Achuthanandan accepts that Kerala needs a better infrastructure for faster, modern vehicular traffic, but thinks that improving the current infrastructure of both the roads and the railway system is the right approach. His critics say that he is actually not in favour of the foreign investment that would be required for such a major project.

Similar debates rage within the party in Kerala on how to develop its information technology sector. The party is one in accepting that foreign investment is welcome in the IT sector. The last LDF regime had actually begun the work for the state's first IT hub near Thiruvananthapuram. But the Smart City project in Kochi had brought to the surface the differences between not only the LDF and the UDF, but also within the CPI(M).

So, is the difference within the party over economic development a tussle between the orthodoxy of the old guard and the modernism of the younger generation' Or is it, as many independent analysts seem to think, an octogenarian's last-ditch battle for power, for chief ministership'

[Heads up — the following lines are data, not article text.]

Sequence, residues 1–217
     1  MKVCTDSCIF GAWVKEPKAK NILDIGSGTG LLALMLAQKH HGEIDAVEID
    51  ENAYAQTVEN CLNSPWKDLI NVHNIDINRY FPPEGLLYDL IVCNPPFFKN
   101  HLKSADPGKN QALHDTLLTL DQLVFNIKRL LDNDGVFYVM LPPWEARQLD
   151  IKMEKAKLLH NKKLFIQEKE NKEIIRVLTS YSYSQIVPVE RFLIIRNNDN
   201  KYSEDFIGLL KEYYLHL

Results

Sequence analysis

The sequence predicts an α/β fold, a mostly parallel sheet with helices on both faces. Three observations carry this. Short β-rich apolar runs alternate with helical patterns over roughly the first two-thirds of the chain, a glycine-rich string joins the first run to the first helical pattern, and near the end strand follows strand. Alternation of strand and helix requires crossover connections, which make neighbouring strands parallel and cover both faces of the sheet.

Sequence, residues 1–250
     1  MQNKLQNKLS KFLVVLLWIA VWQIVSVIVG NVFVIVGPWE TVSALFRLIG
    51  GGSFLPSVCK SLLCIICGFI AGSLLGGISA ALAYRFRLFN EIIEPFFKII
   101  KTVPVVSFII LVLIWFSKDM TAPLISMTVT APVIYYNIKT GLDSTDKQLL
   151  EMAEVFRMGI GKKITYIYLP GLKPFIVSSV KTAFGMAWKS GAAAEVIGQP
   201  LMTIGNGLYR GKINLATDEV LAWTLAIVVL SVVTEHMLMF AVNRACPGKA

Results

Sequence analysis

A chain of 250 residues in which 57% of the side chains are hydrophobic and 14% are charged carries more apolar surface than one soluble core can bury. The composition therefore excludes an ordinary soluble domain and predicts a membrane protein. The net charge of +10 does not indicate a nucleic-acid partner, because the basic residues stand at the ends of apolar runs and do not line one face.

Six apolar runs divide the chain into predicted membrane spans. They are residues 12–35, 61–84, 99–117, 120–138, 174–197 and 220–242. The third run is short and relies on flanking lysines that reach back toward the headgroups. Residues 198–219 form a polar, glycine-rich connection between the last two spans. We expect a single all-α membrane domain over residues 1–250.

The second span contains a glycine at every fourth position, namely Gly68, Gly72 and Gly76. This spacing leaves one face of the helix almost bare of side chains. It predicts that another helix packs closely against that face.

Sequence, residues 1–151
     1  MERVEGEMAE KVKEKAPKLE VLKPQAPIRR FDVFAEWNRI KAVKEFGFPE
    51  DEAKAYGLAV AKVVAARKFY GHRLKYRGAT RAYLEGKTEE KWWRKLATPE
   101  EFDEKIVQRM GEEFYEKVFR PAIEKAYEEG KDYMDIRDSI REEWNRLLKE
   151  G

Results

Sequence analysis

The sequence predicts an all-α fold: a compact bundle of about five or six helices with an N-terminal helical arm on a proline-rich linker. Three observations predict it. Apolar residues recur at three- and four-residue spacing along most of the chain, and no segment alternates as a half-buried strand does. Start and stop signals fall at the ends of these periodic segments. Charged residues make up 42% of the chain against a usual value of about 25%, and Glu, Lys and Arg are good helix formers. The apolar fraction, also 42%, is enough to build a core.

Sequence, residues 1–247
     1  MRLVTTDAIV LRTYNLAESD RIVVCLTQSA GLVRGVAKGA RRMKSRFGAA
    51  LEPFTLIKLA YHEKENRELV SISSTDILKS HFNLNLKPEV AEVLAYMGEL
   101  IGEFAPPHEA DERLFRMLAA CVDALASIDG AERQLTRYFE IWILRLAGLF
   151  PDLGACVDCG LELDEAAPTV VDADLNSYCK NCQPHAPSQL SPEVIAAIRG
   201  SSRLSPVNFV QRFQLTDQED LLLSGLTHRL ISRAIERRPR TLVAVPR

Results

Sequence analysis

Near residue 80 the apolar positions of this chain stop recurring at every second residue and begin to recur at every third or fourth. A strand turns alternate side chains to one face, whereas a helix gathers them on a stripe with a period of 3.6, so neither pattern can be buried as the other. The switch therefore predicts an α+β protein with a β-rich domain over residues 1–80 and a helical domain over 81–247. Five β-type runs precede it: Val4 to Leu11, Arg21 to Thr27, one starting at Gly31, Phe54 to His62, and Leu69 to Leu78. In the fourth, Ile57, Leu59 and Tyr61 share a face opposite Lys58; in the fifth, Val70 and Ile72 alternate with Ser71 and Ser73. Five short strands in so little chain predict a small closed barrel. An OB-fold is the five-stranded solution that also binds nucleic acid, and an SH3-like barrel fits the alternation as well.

I travelled six sultry hours one day last month ' from Thiruvananthapuram to Thrissur ' in search of an answer from one of the leading left intellectuals of Kerala. Thrissur, by the way, is the most historic of places in Kerala. The town of Kodungallur in Thrissur district is said to be the place where St Thomas landed in the first century in order to spread the gospel; it is famous for its ancient Hindu temples, which attract thousands of devotees, especially during the religious festivals; and it boasts the oldest mosque in the subcontinent ' the Cheraman Masjid.

I travelled to Thrissur, though not for its history, but to meet another Vijayan. M.N. Vijayan had been an academic and a leading light of Marxist intellectuals in Kerala. 'Development, progress are capitalist words,' the 80-year-old Marxist said, 'And in these days of globalization, there are ways in which finance capital can influence the party and the government.' He made no attempt to conceal his anger at the CPI(M)-run civic corporations accepting the ADB loans, 'Modern Kerala wasn't built with ADB, World Bank loans; it was built with remittances from Keralites living abroad.'

There is a large section in the CPI(M) in Kerala who think like him. Vijayan, the party secretary, will probably win the economic argument eventually. The real challenge ' for both him and Achuthanandan ' will, however, come when the LDF comes to power. Given the current political trends in the state, that test may well be only a few weeks away.